Born in the Back River area of the Kivalliq region in Nunavut, Janet Kigusiuq (1926-2005) is renowned for her colourful graphic and fabric work. With the encouragement of her famous artist mother, Jessie Oonark, OC, RCA (19061985), Kigusiuq began drawing in 1967, eventually contributing two drawings to the Baker Lake
Print Collection in 1970.
Kigusiuq’s life and memories before moving to Qamani’tuaq (Baker Lake) became the basis for many of her drawings: camp life, hunting and fishing, animal life and mythological beings are all present in her works. The circulation of memory in these works functions as active resistance to the Southernization and colonization of life in the settlements, including enforced residential schooling and conversion to Christianity, as well as the switch to wage-based economies. Her drawings supported her family, who continued to hunt and remember and practice “traditional” spirituality while adapting to the new life in Qamani’tuaq.
Indians Celebrating the Capture of Inuit (1981) differs from many of her drawings in that it depicts the historical relations of Inuit and First Nations. Kigusiuq’s work represents First Nations in full regalia, dancing in what she terms “a celebration”. Meanwhile, two Inuit figures, who have clearly been arrested, look on from the top right-hand corner. These figures are diminutively drawn and are marginally placed next to the central dancers. The artist employs colour to draw attention to signifiers of “Indian-ness” in the headdress, bustle and footwear. This work, created prior to her later abstract turn, displays a strong command of medium and a deep attention to detail. Working here from a flat plane, Kigusiuq’s ability to convey a rich and robust narrative is undeniable. You can feel the insult in the celebration.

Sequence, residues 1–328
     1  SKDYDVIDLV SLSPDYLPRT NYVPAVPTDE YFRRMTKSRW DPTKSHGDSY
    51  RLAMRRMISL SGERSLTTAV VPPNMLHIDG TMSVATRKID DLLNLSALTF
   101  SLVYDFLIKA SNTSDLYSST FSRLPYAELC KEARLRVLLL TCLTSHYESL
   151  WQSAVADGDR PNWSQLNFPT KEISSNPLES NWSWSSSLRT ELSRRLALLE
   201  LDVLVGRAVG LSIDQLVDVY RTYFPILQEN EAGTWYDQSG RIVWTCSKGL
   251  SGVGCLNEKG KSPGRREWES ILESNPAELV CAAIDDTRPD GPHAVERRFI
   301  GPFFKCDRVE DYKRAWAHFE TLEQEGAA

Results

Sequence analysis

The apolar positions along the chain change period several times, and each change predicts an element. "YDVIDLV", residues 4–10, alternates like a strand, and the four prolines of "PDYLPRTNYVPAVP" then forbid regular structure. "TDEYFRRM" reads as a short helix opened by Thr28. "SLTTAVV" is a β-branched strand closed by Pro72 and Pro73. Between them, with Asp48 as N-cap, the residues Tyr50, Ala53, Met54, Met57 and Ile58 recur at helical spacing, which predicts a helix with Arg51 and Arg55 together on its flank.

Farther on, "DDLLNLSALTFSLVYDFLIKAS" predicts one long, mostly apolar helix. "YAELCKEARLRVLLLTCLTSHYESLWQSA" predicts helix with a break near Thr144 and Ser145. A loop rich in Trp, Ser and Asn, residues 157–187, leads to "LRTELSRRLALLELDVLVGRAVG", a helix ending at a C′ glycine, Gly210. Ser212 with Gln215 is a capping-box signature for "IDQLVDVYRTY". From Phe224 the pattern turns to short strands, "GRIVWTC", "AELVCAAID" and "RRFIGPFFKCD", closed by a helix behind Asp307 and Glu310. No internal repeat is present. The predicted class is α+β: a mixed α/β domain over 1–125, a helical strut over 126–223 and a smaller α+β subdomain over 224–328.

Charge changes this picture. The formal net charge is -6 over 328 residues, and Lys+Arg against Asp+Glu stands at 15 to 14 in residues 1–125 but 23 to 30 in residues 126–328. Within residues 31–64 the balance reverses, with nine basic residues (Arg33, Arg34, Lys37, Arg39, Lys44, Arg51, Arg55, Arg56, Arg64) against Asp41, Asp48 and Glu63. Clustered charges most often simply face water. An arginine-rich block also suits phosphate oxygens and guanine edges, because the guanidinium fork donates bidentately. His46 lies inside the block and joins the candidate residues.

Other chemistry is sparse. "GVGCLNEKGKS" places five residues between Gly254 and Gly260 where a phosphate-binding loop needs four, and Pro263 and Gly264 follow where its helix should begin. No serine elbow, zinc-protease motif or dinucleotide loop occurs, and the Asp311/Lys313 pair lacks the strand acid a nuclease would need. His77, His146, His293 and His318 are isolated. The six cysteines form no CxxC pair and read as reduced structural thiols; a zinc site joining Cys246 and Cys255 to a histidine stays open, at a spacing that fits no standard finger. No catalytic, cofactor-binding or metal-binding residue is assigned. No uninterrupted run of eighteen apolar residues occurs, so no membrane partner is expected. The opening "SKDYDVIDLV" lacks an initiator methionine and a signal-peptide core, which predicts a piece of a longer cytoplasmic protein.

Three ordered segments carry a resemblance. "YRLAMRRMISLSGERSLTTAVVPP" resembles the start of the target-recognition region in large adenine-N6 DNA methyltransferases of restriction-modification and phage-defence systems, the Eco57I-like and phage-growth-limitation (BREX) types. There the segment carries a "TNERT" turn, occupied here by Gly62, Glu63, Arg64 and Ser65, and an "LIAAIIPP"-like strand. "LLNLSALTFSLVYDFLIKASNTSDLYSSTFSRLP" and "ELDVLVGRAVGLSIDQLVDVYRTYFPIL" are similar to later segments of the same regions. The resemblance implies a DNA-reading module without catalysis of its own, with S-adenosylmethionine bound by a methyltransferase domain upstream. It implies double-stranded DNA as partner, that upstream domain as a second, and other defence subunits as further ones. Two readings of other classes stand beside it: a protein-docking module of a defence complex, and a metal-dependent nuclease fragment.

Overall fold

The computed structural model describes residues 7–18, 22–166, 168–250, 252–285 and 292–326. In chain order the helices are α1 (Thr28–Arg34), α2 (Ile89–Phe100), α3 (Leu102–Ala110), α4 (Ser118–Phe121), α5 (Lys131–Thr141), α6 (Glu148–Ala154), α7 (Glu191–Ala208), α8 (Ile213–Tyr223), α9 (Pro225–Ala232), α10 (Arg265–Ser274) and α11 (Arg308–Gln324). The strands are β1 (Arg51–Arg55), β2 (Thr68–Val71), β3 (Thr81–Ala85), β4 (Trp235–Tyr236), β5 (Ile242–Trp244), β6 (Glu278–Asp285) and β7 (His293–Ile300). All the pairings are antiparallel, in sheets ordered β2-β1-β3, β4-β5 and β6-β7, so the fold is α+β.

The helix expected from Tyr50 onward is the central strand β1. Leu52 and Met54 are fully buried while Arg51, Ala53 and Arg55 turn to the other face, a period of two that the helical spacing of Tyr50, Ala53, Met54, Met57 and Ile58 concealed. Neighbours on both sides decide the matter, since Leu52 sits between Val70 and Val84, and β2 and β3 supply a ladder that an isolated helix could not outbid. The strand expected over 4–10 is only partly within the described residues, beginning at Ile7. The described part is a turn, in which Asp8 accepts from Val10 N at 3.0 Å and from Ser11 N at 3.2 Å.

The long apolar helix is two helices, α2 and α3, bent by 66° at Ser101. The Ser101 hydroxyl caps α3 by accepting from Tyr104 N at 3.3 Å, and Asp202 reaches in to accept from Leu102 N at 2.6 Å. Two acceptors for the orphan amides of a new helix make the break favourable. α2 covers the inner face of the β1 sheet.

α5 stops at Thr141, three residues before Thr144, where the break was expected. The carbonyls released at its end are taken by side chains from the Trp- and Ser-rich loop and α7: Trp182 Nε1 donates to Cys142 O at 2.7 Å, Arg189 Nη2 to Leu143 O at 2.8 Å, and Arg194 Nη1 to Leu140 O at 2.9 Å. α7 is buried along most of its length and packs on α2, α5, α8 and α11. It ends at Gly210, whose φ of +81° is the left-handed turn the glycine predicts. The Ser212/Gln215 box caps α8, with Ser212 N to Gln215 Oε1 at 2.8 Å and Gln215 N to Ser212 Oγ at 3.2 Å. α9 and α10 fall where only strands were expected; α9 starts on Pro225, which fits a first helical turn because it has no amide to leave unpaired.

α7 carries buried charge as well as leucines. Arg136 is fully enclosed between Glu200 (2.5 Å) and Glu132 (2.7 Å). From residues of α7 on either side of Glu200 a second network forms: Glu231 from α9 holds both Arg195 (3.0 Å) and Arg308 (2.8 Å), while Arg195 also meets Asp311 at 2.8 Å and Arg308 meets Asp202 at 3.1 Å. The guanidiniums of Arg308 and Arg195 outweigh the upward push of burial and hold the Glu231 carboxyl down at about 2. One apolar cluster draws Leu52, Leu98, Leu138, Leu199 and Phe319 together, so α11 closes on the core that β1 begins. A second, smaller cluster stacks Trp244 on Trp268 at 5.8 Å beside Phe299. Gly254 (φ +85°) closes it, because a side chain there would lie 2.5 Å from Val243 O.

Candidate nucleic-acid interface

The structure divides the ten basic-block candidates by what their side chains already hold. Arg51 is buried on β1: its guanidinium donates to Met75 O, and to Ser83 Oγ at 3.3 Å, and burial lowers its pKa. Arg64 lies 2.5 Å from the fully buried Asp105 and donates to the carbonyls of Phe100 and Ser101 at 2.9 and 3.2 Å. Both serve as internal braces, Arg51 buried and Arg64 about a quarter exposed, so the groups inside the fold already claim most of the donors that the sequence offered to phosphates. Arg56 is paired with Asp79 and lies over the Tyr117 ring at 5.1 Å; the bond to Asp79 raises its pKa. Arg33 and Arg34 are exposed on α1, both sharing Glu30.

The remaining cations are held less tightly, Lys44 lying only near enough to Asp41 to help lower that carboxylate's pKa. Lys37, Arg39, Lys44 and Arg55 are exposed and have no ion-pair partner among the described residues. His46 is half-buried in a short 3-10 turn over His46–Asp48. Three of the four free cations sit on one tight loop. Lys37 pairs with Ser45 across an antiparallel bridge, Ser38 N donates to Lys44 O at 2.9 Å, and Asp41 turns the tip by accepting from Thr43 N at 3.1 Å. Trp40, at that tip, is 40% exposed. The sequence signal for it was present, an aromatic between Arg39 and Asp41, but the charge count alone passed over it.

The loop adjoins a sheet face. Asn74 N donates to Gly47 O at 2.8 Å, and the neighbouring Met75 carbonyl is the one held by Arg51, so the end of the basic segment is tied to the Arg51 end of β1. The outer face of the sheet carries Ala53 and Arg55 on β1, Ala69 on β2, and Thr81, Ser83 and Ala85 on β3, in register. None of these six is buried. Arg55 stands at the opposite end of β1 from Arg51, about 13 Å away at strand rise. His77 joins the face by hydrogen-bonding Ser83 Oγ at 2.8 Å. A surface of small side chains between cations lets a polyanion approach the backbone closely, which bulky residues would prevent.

I was intrigued by this work, wondering to what event it might refer, and troubled at the thought that we, as First Nations people, would be seen as separate from Inuit in someway. I know historically we were named “Indians” under the Indian Act and that Inuit were not brought under the act until 1939, following a Supreme Court decision amending the meaning of the term under subsection 91(24). First Nations and Inuit are also both considered “Aboriginal” under section 35 of the constitution of 1982, which affirms our Aboriginal and treaty rights. Closer to Kigusiuq’s home, the ruling of the 1979 court case Hamlet of Baker Lake v. Minister of Indian Affairs meant that Inuit also had title to the land and, thus, hunting and fishing rights to the surrounding areas. Subsequently, the community launched a case to stop uranium mining on the upper Thelon River. Did we not stand by them in this fight? Kigusiuq’s striking work is a potent visual reminder of how we can unite in our shared resistance for sovereignty over our land, resources and culture.
Kigusiuq’s striking work is a potent visual reminder of how we can unite in our shared resistance for sovereignty over our land, resources and culture.
Janet Kigusiuq (1926-2005 Qamani’tuaq) Indians Celebrating the Capture of Inuit 1981 Coloured pencil and graphite 56.5 x 76.1 cm Art Gallery of Ontario Gift of Samuel and Esther Sarick Courtesy Sanavik Co-operative Association Limited/ Canadian Arctic...